6Moreover, Planet in Green, a special-purpose vehicle based in Bad Salzuflen, signed a 100 MWp Power Purchasing Agreement (PPA)  with SUNA7 and a German-Spanish investment company (name unknown) went into talks with Bakhtar Regional Electricity Company about the construction of a 50 MWp solar farm.

8On its website, SUNA has published many press releases about various rounds of talks between renewable energy in iran investors and relevant authorities, with the talks being aimed at exchanging contemplated project ideas.

In addition to investors from the Netherlands, Germany, Turkey and Denmark, the list includes RMX Tech, Graphite Energy, Çalık Enerji, Welltec and Vestas


What does the incentive system look like?


The incentive system for Renewable Energies in Iran is based on three instruments:
•    fixed feed-in tariffs;
•    National Development Fund of Iran; and
•    special duty on electricity.


In June 2015, the parliament adopted amendments to the rates of feed-in tariffs, which include two new essential regulations. First of all, the term of power purchase agreements (PPA) that provide for a guaranteed feed-in tariff was extended from 5 to 20 years and the funding approach was substantially changed.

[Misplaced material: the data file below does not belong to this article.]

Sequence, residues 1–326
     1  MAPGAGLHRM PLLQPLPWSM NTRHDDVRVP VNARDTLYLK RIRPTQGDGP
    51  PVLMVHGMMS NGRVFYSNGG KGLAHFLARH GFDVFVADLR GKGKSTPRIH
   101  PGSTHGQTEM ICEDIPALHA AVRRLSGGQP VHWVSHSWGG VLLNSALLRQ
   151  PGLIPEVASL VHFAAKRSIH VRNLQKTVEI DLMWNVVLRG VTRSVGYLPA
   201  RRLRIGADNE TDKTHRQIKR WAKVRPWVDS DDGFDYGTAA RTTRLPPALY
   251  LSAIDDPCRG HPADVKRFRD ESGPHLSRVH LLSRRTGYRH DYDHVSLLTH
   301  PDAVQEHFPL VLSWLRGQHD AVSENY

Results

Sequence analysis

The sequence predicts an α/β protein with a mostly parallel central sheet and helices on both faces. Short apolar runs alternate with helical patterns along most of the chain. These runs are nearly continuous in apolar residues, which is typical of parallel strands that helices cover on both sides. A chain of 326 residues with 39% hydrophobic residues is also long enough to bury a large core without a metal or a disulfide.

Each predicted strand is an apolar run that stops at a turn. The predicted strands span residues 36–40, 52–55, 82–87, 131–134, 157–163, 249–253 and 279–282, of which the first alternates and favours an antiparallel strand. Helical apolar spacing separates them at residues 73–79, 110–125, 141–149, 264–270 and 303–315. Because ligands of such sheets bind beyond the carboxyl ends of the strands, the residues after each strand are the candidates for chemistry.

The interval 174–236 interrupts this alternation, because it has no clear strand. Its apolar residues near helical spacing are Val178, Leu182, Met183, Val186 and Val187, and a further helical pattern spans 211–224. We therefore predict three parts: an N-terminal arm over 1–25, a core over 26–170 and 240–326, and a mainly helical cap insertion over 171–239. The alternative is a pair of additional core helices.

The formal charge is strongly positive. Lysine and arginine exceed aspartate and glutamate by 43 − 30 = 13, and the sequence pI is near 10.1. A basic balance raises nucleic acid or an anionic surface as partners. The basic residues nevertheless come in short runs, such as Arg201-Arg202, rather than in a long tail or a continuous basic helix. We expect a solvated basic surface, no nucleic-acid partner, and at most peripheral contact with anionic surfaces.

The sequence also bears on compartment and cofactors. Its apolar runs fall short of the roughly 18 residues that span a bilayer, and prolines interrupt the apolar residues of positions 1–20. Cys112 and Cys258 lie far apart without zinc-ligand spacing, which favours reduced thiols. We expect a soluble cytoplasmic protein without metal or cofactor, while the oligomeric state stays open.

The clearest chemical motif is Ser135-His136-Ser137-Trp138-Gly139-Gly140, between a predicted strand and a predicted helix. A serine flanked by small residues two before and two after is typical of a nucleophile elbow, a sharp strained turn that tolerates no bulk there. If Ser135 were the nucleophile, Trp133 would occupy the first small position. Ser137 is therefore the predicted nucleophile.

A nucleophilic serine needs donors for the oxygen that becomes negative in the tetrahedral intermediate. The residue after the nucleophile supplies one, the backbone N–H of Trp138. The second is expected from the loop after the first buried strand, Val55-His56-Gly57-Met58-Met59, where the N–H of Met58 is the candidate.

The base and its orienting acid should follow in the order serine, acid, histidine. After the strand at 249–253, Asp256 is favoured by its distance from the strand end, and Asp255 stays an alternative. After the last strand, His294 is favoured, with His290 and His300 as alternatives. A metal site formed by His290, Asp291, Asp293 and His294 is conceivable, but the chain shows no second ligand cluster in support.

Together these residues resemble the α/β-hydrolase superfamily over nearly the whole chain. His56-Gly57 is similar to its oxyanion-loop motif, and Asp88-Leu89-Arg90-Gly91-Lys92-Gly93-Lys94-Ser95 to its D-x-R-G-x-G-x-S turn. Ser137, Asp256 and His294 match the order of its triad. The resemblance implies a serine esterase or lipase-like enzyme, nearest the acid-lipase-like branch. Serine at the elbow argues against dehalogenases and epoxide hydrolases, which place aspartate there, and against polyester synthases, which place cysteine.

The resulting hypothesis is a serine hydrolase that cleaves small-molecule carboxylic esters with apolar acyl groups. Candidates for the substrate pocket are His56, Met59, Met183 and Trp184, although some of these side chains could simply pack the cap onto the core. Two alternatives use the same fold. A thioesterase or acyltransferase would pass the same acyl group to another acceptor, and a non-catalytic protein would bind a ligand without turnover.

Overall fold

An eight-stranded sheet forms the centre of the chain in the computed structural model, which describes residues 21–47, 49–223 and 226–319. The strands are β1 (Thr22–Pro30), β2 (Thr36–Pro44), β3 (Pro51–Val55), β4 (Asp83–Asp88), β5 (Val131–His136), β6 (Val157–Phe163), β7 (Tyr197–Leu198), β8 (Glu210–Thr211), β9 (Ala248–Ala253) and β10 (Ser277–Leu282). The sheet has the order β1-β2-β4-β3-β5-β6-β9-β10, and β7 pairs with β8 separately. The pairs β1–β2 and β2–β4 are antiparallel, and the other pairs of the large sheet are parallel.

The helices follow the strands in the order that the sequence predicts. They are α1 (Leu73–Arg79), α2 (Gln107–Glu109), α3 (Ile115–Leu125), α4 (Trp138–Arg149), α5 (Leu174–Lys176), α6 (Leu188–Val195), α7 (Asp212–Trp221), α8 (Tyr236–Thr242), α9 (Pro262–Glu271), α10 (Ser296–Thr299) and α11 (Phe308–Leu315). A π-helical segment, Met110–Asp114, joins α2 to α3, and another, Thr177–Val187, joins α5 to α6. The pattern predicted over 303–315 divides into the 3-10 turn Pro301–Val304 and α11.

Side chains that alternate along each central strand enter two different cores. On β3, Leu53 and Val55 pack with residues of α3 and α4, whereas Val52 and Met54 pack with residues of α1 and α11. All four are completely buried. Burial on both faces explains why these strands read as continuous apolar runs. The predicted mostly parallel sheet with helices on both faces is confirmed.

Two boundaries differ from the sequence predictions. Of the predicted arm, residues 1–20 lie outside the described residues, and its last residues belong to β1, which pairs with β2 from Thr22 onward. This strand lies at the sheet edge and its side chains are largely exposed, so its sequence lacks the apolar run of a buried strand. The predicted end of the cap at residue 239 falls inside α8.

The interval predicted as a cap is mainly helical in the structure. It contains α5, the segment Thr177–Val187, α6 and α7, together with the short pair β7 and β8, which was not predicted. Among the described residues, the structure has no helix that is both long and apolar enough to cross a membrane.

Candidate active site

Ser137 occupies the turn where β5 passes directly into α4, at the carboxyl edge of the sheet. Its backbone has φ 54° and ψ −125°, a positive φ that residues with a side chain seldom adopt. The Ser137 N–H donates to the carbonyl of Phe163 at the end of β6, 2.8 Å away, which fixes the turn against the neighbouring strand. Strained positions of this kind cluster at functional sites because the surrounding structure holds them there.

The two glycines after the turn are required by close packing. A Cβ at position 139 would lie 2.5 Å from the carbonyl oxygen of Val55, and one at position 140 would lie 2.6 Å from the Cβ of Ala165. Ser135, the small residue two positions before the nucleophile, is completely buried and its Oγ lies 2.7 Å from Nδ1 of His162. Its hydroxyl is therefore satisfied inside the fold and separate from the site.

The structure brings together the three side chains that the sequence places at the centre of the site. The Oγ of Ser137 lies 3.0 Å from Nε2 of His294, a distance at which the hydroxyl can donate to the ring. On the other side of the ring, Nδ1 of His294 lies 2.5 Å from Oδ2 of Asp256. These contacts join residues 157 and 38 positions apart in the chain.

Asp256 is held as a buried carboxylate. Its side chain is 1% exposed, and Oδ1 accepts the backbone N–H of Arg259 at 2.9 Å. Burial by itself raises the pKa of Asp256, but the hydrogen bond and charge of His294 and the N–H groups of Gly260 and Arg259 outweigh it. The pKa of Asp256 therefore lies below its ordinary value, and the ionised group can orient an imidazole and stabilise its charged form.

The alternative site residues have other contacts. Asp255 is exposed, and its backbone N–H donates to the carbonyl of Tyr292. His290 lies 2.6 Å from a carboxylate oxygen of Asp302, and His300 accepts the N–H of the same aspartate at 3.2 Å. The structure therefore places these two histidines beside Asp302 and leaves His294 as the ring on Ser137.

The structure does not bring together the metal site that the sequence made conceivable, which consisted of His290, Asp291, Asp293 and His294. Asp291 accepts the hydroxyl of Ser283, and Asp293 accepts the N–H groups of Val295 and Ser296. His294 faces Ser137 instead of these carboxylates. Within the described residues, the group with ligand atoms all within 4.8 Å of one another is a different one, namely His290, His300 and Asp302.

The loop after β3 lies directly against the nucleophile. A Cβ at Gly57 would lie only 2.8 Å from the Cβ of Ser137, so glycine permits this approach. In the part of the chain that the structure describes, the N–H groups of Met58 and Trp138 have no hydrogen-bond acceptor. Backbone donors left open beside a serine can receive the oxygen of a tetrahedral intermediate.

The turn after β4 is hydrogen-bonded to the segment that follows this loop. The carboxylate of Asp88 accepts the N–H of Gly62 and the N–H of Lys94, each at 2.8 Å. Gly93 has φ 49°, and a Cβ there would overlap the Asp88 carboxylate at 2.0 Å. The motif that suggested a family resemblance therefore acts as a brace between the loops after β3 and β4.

The uniform tariff based on avoided costs for fuel and CO2 emission that is applicable to all technologies has been replaced by a remuneration that differs according to technology and is based on the respective power generating costs (Levelized Cost of Electricity, LCOE).

This creates a much more attractive environment for project planners and investors focusing on renewable energy in iran – not only due to the differentiated handling of the individual technologies but, in particular, because of the long-term planning security in this business area.

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Iran’s Sixth Development Plan also provided for the installation of 500 MW of new solar capacity by 2018. Iran’s climate is diverse, and many of its regions are arid. Because the south, northwest and southeast regions receive around 300 days of sun per year, they are uniquely suited for solar energy. The Iranian government has prioritized the central region in particular due to its climate and proximity to the national power grid.